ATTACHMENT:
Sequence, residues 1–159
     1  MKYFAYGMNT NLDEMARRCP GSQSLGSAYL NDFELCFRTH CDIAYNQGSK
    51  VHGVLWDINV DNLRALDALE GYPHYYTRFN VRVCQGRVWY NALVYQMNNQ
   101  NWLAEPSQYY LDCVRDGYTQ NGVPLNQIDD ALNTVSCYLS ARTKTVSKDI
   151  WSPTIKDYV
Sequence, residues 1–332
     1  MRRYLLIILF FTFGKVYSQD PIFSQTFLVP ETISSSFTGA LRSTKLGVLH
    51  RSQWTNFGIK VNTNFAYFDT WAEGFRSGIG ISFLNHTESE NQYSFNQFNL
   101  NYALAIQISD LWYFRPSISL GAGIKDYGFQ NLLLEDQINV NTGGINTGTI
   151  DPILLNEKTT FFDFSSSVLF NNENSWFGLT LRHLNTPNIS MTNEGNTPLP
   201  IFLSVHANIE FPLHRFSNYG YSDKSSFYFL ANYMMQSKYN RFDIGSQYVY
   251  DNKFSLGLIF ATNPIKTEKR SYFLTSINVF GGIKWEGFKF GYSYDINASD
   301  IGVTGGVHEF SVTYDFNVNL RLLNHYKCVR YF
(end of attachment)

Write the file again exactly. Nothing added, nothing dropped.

Sequence, residues 1–159
     1  MKYFAYGMNT NLDEMARRCP GSQSLGSAYL NDFELCFRTH CDIAYNQGSK
    51  VHGVLWDINV DNLRALDALE GYPHYYTRFN VRVCQGRVWY NALVYQMNNQ
   101  NWLAEPSQYY LDCVRDGYTQ NGVPLNQIDD ALNTVSCYLS ARTKTVSKDI
   151  WSPTIKDYV
Sequence, residues 1–332
     1  MRRYLLIILF FTFGKVYSQD PIFSQTFLVP ETISSSFTGA LRSTKLGVLH
    51  RSQWTNFGIK VNTNFAYFDT WAEGFRSGIG ISFLNHTESE NQYSFNQFNL
   101  NYALAIQISD LWYFRPSISL GAGIKDYGFQ NLLLEDQINV NTGGINTGTI
   151  DPILLNEKTT FFDFSSSVLF NNENSWFGLT LRHLNTPNIS MTNEGNTPLP
   201  IFLSVHANIE FPLHRFSNYG YSDKSSFYFL ANYMMQSKYN RFDIGSQYVY
   251  DNKFSLGLIF ATNPIKTEKR SYFLTSINVF GGIKWEGFKF GYSYDINASD
   301  IGVTGGVHEF SVTYDFNVNL RLLNHYKCVR YF